The Leader of Surrey County Council, Tim Oliver, wrote a very revealing article last week stating his intentions to reduce car usage to relieve road congestion by persuading people to start using more buses and bikes. 

Given no new roads are now planned under the Farnham Infrastructure Programme (FIP) so the road capacity isn’t going to increase, but the number of people living in Farnham is going to increase, this would seem to make a lot of sense. 

This year alone three new housing estates in Badshot Lea will become occupied, the second half of Brightwells’ apartments will be completed, and soon Coxbridge Farm estate, with 600 car-parking spaces, will be built. So other forms of transport are indeed required to cope. 

However, the timescales and quality of what the (FIP) are proposing doesn’t seem to make sense. All three councils involved (town, borough and county) admitted there is a climate emergency. So how does their ten-year plan to introduce an effective alternative to increasing car usage, as stated in Tim Oliver’s article, align with a policy to reduce Surrey’s number one source of carbon emissions (ie road transport)?  

Surely if we really are in an emergency, the first major north-south and east-west cycle routes and an improved bus service should be introduced quickly?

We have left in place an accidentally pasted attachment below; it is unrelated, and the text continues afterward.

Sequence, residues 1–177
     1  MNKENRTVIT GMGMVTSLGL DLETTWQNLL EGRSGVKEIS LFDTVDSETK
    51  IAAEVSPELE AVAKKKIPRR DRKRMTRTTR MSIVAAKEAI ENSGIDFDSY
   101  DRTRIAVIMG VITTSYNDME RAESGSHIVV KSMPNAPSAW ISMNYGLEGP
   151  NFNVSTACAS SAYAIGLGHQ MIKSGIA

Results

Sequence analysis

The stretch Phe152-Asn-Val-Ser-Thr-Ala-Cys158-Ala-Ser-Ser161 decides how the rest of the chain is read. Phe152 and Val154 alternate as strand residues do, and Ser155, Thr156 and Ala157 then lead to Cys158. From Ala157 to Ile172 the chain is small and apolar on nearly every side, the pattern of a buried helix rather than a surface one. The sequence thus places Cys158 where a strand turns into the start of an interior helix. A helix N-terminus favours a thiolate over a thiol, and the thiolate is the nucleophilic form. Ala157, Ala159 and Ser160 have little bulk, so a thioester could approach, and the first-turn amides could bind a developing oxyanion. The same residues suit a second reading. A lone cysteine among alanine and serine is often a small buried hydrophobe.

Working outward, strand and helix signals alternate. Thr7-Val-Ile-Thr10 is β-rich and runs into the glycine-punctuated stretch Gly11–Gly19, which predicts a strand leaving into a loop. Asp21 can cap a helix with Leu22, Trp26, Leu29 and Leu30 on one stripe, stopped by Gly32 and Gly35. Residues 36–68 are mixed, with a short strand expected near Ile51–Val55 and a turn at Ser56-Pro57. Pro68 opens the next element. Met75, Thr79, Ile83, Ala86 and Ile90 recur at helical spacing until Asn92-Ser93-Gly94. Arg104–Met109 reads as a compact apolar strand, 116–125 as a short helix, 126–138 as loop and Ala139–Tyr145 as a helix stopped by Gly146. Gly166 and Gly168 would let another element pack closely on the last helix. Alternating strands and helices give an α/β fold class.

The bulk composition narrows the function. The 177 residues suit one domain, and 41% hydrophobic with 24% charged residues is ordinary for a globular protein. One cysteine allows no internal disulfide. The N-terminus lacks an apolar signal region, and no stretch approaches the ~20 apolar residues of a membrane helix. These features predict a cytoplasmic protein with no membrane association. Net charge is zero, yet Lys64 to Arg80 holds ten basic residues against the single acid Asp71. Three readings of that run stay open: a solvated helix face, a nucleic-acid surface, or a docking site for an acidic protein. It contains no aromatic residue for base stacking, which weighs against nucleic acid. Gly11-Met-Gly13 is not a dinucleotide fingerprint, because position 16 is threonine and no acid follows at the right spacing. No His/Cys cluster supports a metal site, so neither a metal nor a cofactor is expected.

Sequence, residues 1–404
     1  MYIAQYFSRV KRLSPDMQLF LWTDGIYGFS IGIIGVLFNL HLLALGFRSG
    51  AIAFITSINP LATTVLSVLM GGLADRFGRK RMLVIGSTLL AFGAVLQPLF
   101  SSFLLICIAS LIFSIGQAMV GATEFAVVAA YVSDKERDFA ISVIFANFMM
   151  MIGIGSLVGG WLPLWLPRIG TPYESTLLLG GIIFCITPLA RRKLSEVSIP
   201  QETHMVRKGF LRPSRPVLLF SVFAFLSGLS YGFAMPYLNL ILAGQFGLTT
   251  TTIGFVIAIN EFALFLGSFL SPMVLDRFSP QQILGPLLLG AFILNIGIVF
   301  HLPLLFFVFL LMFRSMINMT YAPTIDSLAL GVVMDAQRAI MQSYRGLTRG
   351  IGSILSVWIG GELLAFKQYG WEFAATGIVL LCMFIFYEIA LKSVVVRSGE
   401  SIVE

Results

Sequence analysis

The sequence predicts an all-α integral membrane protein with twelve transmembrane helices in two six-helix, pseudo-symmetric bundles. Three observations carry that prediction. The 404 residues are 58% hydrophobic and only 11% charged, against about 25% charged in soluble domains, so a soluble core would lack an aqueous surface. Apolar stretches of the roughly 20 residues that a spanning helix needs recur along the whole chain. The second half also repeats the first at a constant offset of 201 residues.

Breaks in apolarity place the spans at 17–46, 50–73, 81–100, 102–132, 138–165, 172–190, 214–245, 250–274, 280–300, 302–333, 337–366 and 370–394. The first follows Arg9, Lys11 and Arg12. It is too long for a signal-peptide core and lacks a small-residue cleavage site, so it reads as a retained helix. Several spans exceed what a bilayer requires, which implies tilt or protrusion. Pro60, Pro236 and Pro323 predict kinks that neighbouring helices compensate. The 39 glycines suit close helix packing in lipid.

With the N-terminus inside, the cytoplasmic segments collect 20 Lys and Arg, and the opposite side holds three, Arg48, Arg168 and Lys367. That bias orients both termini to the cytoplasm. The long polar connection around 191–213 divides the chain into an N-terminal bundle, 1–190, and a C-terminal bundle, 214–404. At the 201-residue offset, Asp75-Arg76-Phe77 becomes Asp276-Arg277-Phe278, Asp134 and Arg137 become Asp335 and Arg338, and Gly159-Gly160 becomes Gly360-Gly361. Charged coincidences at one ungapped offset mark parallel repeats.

It is now more than three years since the Farnham pollution summit and we still don’t have a good-quality, high-level cycle network design. 

The design that is going in front of councillors on March 24 for approval has gaps in the north-south and east-west cycle routes, leaving cyclists to take their chances on busy roads like The Borough as they cycle across town. 

Only short sections of segregated cycle tracks are being proposed while more than 80 per cent of the planned routes are mixed car/cycle routes. 

Picture this: a mother and a six-year-old wanting to leave their 4x4 at home and cycle to Potters Gate School twice a day from east Farnham would either have to cross the full width of Castle Street or cycle on The Borough, holding up traffic! An insane proposal but this is what is proposed in the current Local Cycling & Walking Infrastructure Plan (LCWIP).

If you feel that bikes might hold up cars on the roads of the town centre and that segregated cycle tracks along side streets, off busy roads, are a better option then why not protest by cycling around the one-way system in Farnham between 10.30am and 1pm on Saturday, March 18?

A lot of other people will be doing the same thing and we can see how well the road system copes without safe segregated cycle tracks, which would have taken cyclist off the roads. 

Peter Goodman

Farnham Cycle Campaign